While at this stage in Land Rovers history they were still very much offering one model they were now offering slightly more variation within that model. In addition to the 2 wheel base options during the Series IIA era (1961-1971) Land Rover introduced both the Lightweight and Forward Control models, designed to suit very different purposes but displaying the versatility of the simple and sold ladder chassis design.
The Forward Control was a Cab over Engine design, freeing up much more load space and, with upgraded running gear and chassis and increased carrying capacity of 1.5ton. Land Rover also created the ‘1 ton’, which looked almost identical to a standard 109” pick up truck but carried across the upgrades to chassis and running gear of the Forward Control, hence the 1 ton payload.
The lightweight was designed to be air transported for military purposes, often with even the doors removed for weight saving. They were also narrower, to enable them to fit side by side in the aircraft.
In 1971 the Series III was launched. Visually the main change was the ‘luxury’ of a plastic dashboard, which covered most of the metal at the top of the bulkhead, along with the change to a plastic grill at the front. From this point forward the higher compression 2.25 petrol (previously offered on some models) became standard, as did synchromesh gears. Other than this things were much the same as the outgoing model. When I had my Series III I used to find it funny when buying parts (which as is the nature of these I did rather a lot of) that parts were listed as ‘Land Rover, all models 1958-1985’.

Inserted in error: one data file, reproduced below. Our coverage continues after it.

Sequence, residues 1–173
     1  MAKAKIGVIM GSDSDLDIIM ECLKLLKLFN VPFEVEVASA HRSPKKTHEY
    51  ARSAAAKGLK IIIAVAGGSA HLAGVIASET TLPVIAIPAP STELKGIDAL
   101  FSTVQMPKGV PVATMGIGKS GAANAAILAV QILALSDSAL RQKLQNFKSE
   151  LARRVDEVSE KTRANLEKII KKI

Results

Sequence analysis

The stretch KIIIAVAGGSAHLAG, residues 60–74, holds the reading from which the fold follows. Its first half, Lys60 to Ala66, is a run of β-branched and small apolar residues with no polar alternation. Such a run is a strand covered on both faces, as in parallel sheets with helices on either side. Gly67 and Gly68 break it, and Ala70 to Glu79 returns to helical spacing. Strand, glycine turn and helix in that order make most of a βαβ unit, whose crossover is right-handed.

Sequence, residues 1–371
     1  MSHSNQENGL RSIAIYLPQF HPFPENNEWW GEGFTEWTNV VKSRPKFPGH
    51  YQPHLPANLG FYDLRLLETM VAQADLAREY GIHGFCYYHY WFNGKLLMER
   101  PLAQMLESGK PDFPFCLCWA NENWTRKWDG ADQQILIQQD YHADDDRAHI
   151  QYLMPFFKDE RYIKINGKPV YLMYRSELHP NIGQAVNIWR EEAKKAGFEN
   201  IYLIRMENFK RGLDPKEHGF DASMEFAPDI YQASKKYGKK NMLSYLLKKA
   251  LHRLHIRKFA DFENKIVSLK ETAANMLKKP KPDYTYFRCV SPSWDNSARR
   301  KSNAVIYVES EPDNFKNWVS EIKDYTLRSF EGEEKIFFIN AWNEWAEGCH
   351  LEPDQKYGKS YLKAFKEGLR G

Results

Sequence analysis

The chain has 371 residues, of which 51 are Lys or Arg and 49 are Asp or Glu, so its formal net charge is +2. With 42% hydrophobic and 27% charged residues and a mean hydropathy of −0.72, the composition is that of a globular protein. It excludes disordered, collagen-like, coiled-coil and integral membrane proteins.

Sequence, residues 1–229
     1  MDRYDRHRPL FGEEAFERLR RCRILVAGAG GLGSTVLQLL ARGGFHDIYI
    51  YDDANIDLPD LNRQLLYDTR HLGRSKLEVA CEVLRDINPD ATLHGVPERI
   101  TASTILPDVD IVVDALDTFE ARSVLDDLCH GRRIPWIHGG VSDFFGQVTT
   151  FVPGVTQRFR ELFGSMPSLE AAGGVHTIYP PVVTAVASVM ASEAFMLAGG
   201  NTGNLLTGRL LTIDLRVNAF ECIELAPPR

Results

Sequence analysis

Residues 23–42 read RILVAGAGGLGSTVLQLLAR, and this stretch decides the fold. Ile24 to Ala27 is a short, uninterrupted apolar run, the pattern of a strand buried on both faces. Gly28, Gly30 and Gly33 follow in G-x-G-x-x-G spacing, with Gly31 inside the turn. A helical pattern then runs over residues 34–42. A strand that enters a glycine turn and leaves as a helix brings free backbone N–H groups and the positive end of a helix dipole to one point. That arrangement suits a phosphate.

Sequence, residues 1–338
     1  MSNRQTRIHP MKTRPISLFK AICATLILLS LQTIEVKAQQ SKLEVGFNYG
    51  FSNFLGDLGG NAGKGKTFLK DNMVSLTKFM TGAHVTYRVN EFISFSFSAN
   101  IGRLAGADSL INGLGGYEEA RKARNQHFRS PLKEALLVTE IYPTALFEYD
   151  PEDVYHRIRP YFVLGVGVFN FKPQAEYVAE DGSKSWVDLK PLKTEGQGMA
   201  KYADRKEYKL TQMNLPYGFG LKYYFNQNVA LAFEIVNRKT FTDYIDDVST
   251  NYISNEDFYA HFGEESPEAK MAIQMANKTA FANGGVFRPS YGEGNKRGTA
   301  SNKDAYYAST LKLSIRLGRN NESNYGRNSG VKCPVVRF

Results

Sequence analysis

A production run of a largely unchanged model from 1958-1985, 27 years, is virtually unheard of in the automotive world, with very few iconic cars lasting that long but the replacement for the Series III lasted even longer.
Introduced in 1985 (as the 90 & 110), with a31 year production run the Defender was given a name rather than a series No. This was because by 1990 in addition to the Land Rover and Range Rover, Land Rover started to offer a Range of Models, with the (by Land Rover standards) ultra-modern Discovery and later Freelander models. The change from Series III to Defender was a much more significant change than previous model changes, with the introduction of coil spring suspension (leaf spring rear for high capacity models), permanent 4x4 (with lockable differential), a modernised (though still utilitarian interior) and most noticeable from outside a full length bonnet and single piece windscreen.
As with the individual cars the Land Rover marque has survived through huge change and outlived it’s original parent company Rover (1947-1967) and been passed through British Leyland (1967-1988), British Aerospace (1988-1994), BMW (1994-2000), Ford (2000-2008) and now Tata.
In September 2019 Land Rover unveiled the new high tech and modern Defender, following many of the distinctive styling traits of the earlier model and keeping the Land Rover spirit going, though possibly not that of being able to complete most mechanical tasks at the roadside! One of the reasons there are still so many Landrovers on the road today is that along with their mechanical simplicity you can still get all the parts you need to keep them running.
Check out our range of Landrover weathervanes here!